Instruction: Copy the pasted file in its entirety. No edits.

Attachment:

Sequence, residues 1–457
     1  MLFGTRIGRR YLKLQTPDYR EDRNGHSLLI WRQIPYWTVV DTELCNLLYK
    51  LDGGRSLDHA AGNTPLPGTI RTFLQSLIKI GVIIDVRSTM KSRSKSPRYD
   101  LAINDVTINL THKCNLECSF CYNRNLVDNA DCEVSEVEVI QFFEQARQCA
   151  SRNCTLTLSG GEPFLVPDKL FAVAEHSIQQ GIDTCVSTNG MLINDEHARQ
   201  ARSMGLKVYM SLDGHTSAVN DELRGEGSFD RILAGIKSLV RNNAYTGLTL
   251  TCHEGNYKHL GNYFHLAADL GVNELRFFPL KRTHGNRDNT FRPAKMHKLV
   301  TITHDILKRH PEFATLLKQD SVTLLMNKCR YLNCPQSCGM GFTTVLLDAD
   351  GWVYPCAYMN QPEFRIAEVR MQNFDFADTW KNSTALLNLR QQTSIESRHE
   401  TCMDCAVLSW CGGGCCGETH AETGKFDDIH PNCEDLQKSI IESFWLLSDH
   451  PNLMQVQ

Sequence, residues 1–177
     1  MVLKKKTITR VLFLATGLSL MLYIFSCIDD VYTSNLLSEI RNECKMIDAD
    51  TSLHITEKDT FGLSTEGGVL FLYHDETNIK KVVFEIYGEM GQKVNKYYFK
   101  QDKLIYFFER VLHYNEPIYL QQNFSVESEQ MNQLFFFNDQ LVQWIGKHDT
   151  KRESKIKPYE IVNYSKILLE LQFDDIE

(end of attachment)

Sequence, residues 1–457
     1  MLFGTRIGRR YLKLQTPDYR EDRNGHSLLI WRQIPYWTVV DTELCNLLYK
    51  LDGGRSLDHA AGNTPLPGTI RTFLQSLIKI GVIIDVRSTM KSRSKSPRYD
   101  LAINDVTINL THKCNLECSF CYNRNLVDNA DCEVSEVEVI QFFEQARQCA
   151  SRNCTLTLSG GEPFLVPDKL FAVAEHSIQQ GIDTCVSTNG MLINDEHARQ
   201  ARSMGLKVYM SLDGHTSAVN DELRGEGSFD RILAGIKSLV RNNAYTGLTL
   251  TCHEGNYKHL GNYFHLAADL GVNELRFFPL KRTHGNRDNT FRPAKMHKLV
   301  TITHDILKRH PEFATLLKQD SVTLLMNKCR YLNCPQSCGM GFTTVLLDAD
   351  GWVYPCAYMN QPEFRIAEVR MQNFDFADTW KNSTALLNLR QQTSIESRHE
   401  TCMDCAVLSW CGGGCCGETH AETGKFDDIH PNCEDLQKSI IESFWLLSDH
   451  PNLMQVQ

Sequence, residues 1–177
     1  MVLKKKTITR VLFLATGLSL MLYIFSCIDD VYTSNLLSEI RNECKMIDAD
    51  TSLHITEKDT FGLSTEGGVL FLYHDETNIK KVVFEIYGEM GQKVNKYYFK
   101  QDKLIYFFER VLHYNEPIYL QQNFSVESEQ MNQLFFFNDQ LVQWIGKHDT
   151  KRESKIKPYE IVNYSKILLE LQFDDIE